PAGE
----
“The Salt,” National Public Radio • Mar. 7, 2016
Pick a farm trend in the past decade and urban agriculture is likely to top the list. But for all the timely appeal of having a little house on the urban prairie, the practice often raises a simple question: Can anyone earn a living doing it? Continue reading “Urban Farms Fuel Idealism. Profits? Not So Much”
I’ve long been a fan of Earthworks Urban Farm in Detroit, and farm manager Patrick Crouch was my first tour guide there. This charming interview with local urban farmer Edith Floyd encapsulates exactly what led me to cover urban farming in the first place: Normal people, living in neighborhoods, passionate about good food and growing it.
It reminds me of how Gabrielle Hamilton writes about finding a toothless Italian vecchio with his fly open, a farmer selling freshly grown food off the back of a cart, in Blood, Bones and Butter. She disses the sleek, hair-gelled young’uns selling at the fancy farmers market and instead swoons for the old man because he reminds her of:
…A time when we just grew it and cooked it and ate it and didn’t talk so much about it. When we didn’t crow all over town about our artisanal, local, organic fwa fwa. We just went to the farm and bought the milk. (p. 242)
And that’s sort of the weird, unsung link between the foodie world and so many of the people I meet in my reporting: It’s not that people don’t want to eat well, or that they don’t care about our meals. They’d just rather not be expected to base their identity on it, and go to the farm and buy the milk.
This is an inclination, as you can probably tell from my reporting, that I find utterly charming.
The Atlantic • Oct. 28, 2010
The bed of watercress beneath chef Andy Hollyday’s barbecued pork belly? Local. The ruby-hued crabapple jelly made by the Detroit Zymology Guild? That too. And the pectin for the preserves, the sorrel in Brother Nature Produce’s salad, the scarlet beets and crisp dilly beans hand-pickled by Suddenly Sauer. In fact, the food offered by Detroit’s hottest restaurateurs and food vendors at Home Slice, a recent benefit for Detroit’s contemporary art museum, could probably have been found any food-conscious event in the country. But—this being Detroit—there was a unique twist: For the Motor City’s food vanguard, “local” isn’t measured in miles, but in city blocks. Continue reading “When Detroit Says ‘Eat Local,’ It Really Means It”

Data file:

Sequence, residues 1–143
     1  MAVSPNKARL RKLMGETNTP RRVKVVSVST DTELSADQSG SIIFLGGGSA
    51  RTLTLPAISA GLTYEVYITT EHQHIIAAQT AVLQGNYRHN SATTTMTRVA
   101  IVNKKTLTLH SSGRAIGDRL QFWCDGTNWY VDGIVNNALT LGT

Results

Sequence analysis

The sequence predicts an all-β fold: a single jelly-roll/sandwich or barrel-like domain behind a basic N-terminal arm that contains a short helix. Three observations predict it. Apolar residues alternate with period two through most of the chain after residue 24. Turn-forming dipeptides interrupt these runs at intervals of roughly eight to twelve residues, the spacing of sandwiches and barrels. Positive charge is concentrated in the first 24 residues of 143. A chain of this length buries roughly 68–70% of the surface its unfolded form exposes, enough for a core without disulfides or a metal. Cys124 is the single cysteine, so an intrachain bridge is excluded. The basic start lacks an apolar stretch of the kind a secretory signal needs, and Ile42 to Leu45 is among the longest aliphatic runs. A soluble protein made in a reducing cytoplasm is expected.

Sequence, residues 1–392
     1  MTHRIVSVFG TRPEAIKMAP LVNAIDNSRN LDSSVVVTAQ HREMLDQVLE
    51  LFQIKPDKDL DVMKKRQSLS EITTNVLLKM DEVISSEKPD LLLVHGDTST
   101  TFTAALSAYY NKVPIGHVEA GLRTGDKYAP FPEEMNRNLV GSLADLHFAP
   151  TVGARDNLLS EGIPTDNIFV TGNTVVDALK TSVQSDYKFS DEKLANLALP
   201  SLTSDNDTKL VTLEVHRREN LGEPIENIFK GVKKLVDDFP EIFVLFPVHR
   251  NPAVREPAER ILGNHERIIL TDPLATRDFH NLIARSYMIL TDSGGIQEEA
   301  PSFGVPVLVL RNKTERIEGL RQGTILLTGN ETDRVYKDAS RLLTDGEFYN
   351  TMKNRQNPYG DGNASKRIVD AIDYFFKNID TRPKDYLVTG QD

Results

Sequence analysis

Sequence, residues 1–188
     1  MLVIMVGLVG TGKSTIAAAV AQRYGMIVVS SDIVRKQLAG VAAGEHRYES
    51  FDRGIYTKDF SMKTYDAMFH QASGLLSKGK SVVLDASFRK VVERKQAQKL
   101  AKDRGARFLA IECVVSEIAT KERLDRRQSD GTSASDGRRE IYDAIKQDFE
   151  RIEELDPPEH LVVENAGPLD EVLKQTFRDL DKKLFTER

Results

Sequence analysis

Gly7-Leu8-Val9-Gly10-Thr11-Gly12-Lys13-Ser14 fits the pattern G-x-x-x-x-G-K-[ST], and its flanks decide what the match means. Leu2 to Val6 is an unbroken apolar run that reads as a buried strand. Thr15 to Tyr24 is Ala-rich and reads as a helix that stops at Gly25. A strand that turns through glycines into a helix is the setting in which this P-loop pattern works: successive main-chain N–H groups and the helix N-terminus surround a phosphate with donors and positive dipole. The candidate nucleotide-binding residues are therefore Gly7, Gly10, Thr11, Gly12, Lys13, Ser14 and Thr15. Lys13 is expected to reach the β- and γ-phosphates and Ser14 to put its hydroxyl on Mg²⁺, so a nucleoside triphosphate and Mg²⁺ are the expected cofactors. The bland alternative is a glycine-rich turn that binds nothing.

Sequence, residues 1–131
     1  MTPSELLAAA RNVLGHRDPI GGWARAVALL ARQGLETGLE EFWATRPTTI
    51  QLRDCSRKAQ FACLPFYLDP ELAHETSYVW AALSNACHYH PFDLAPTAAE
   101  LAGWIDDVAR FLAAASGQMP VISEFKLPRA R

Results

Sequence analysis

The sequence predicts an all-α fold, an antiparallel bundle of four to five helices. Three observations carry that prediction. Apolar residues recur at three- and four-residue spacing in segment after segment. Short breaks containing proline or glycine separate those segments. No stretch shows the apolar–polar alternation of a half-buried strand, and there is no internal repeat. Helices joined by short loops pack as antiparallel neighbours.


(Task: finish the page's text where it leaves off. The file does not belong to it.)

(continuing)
New York Times • May 18, 2010
John Ameroso didn’t hoe the rows of vegetables that help feed the Bronx at the Padre Plaza Success Garden in the borough’s Mott Haven section. He didn’t pick any tomatoes from the vines at the Brooklyn Rescue Mission’s farm. And he didn’t turn the composting bins that kept East New York Farms! fertile ground for collards, cilantro and chard.
But he’s responsible for all of it, along with the rest of more than 18 tons of produce grown in city lots for market last year. Continue reading “An Urban Farming Pioneer Sows His Own Legacy”
Mother Jones • March/April 2009
Forget organic and locally grown food—in America’s poorest urban neighborhoods, it’s hard to find any affordable fruits and vegetables at all. Six grocery stores serve South Los Angeles’ population of 688,000. West Oakland has no supermarkets but close to 60 liquor store. But thanks to former NBA draft pick Will Allen, a couple of American cities are experiencing a produce renaissance.